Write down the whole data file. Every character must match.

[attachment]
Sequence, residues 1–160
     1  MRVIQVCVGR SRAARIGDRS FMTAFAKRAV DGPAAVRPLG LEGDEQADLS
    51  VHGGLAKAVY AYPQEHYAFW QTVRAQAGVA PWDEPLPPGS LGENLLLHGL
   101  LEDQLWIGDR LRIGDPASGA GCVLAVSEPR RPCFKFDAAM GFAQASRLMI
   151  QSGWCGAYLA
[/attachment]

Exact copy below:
Sequence, residues 1–160
     1  MRVIQVCVGR SRAARIGDRS FMTAFAKRAV DGPAAVRPLG LEGDEQADLS
    51  VHGGLAKAVY AYPQEHYAFW QTVRAQAGVA PWDEPLPPGS LGENLLLHGL
   101  LEDQLWIGDR LRIGDPASGA GCVLAVSEPR RPCFKFDAAM GFAQASRLMI
   151  QSGWCGAYLA